Agriculture, Forestry and Fisheries Minister Tetsuro Nomura holds a press conference at the ministry in Tokyo on September 1, 2023. (Kyodo)

Japan’s fisheries minister apologized on Friday for calling treated radioactive wastewater discharged from the Fukushima nuclear power plant “contaminated,” and the opposition bloc urged him to resign.

Agriculture, Forestry and Fisheries Minister Tetsuro Nomura’s comment came as the government of Prime Minister Fumio Kishida is scrambling to address reputational damage to seafood from the sea around the prefecture of Northeast Japan.

The term “contaminated water” is used by China, which has strongly opposed the dumping and has imposed a blanket import ban on Japanese seafood.

The 79-year-old lawmaker, who has come under fire from Fukushima residents, backed away from his use of the term “contaminated water” hours after using it on Thursday when answering questions from reporters.

On Friday, Nomura told a news conference that he was “very sorry for causing inconvenience to the residents of Fukushima and other related people.” He ruled out resigning, stating that he wanted to fulfill his duty to support the fishing industry.

In another press conference, Chief Cabinet Secretary Hirokazu Matsuno, the government’s top spokesman, called Nomura’s comment “regrettable” and expressed hope that he would do everything possible to help fishing companies “with the maximum determination”.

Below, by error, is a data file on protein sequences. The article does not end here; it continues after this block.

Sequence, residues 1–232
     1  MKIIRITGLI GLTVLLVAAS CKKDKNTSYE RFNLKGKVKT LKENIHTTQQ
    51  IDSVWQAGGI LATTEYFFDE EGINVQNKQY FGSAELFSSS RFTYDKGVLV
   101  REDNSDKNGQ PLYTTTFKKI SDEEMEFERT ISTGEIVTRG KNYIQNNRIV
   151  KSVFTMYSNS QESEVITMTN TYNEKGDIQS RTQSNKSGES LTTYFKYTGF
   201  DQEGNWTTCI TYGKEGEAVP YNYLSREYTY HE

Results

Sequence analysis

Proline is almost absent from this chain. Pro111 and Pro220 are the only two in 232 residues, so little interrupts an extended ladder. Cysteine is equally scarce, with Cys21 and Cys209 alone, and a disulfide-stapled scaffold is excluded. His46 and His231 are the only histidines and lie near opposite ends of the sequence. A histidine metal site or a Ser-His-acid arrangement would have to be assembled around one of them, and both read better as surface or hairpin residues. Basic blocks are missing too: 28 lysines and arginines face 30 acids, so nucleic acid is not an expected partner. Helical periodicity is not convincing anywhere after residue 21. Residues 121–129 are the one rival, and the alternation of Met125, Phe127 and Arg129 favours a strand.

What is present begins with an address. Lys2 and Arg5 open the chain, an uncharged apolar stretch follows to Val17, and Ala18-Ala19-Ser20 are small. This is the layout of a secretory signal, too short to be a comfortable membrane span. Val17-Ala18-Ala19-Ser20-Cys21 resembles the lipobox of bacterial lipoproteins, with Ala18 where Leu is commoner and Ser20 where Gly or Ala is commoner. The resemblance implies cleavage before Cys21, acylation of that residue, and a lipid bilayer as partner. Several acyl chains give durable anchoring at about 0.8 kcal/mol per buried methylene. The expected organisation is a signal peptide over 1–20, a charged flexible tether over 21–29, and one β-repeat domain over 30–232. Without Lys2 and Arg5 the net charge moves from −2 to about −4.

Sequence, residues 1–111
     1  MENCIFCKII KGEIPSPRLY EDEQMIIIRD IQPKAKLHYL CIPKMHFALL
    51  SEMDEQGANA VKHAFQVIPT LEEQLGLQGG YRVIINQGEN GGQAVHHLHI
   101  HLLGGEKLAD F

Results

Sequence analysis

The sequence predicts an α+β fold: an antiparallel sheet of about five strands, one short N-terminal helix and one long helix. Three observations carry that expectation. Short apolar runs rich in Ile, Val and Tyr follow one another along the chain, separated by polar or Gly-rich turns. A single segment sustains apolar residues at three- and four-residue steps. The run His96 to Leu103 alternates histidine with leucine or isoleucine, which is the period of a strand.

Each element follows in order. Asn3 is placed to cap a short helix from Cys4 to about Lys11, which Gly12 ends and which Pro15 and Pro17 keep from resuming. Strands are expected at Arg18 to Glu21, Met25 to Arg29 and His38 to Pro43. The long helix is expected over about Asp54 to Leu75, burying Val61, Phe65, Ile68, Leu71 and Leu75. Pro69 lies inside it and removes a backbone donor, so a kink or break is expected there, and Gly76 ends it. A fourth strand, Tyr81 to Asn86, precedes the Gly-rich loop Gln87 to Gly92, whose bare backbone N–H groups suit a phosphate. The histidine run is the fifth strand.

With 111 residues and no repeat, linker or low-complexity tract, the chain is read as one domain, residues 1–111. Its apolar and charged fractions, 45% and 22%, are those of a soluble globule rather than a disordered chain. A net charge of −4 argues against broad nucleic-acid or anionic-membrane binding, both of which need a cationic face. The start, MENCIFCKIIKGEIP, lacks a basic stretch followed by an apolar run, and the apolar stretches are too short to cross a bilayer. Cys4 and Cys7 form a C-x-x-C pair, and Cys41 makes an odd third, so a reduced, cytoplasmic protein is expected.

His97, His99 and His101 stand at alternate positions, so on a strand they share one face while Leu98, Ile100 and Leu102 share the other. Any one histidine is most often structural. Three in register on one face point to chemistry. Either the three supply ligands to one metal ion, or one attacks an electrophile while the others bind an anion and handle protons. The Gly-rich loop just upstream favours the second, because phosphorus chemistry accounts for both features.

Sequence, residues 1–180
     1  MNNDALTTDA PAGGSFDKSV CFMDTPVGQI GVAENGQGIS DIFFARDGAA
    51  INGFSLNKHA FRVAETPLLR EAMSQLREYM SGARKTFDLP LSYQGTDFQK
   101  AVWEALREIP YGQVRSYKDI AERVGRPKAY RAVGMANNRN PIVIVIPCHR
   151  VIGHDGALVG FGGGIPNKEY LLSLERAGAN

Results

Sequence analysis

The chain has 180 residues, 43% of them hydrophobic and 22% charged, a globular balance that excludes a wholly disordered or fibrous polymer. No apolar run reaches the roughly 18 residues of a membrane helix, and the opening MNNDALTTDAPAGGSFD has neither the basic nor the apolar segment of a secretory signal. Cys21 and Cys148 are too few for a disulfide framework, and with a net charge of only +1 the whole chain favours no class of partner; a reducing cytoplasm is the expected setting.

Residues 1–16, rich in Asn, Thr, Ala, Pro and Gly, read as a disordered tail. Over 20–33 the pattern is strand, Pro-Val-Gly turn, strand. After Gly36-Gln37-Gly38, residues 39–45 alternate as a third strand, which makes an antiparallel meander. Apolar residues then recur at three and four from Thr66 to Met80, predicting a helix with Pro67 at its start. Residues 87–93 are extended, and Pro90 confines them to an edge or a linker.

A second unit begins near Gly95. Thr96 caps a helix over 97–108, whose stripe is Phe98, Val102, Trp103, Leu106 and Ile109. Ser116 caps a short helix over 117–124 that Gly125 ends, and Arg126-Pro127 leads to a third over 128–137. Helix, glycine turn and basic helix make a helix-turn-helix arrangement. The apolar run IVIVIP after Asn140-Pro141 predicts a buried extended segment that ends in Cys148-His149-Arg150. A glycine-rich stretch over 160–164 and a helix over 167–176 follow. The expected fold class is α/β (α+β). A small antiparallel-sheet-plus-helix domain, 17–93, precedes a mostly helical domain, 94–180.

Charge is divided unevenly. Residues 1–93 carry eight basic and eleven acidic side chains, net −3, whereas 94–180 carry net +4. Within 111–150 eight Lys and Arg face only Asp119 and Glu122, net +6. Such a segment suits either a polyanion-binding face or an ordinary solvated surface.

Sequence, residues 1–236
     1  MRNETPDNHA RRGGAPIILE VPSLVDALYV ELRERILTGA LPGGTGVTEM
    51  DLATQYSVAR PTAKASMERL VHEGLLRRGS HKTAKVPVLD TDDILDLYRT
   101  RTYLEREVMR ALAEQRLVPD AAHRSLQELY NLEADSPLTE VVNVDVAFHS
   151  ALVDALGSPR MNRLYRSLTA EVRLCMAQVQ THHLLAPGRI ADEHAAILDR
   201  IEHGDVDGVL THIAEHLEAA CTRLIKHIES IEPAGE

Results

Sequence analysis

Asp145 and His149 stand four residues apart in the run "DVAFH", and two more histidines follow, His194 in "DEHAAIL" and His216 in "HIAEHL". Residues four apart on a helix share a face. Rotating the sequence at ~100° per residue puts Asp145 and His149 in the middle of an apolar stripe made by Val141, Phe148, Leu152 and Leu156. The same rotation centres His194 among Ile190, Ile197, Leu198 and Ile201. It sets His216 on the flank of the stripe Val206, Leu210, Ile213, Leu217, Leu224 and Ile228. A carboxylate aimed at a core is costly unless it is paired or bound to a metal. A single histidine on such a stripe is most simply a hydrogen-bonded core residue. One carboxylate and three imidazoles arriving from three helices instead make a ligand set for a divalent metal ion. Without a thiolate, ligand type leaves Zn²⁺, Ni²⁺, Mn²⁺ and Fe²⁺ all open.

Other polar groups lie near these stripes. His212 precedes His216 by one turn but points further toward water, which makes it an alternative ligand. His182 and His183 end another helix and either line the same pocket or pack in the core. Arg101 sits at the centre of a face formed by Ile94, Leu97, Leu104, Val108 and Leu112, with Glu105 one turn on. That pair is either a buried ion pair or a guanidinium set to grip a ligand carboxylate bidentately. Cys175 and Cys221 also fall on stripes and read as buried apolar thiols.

But Kenta Izumi, leader of Japan’s main opposition Democratic Constitutional Party, lashed out at Nomura, saying he is “not qualified” to be the minister in charge of aid measures for the fishing industry.

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Meanwhile, there was speculation that Kishida would reshuffle his cabinet at the end of the month to improve his government’s image and replace Nomura.

The term “contaminated water” is used by China, which has strongly opposed the dumping and has imposed a blanket import ban on Japanese seafood.

Chinese Foreign Ministry spokesman Wang Wenbin said Friday that Nomura’s reference to contaminated water “is nothing more than mentioning the truth.”

Wang told a news conference that Tokyo’s use of the term treated water “ignores objective facts” and is “just an attempt by Japan to cover up the damage” of the ocean spill and mislead international and public opinion.

Massive amounts of wastewater have been generated in the fuel cooling process of the reactors at the Fukushima Daiichi nuclear power plant, which suffered core meltdowns after the devastating earthquake and tsunami of March 2011.

Japan, however, claims that most radionuclides, except for tritium, are removed from the water after passing through the Advanced Liquid Processing System. On August 24, the country began to dump the water into the Pacific.

The Japanese government describes it as “ALPS-treated water,” an acronym for the purification system. Radiation levels in seawater samples collected by the Ministry of the Environment since the spill began have remained below detectable limits.


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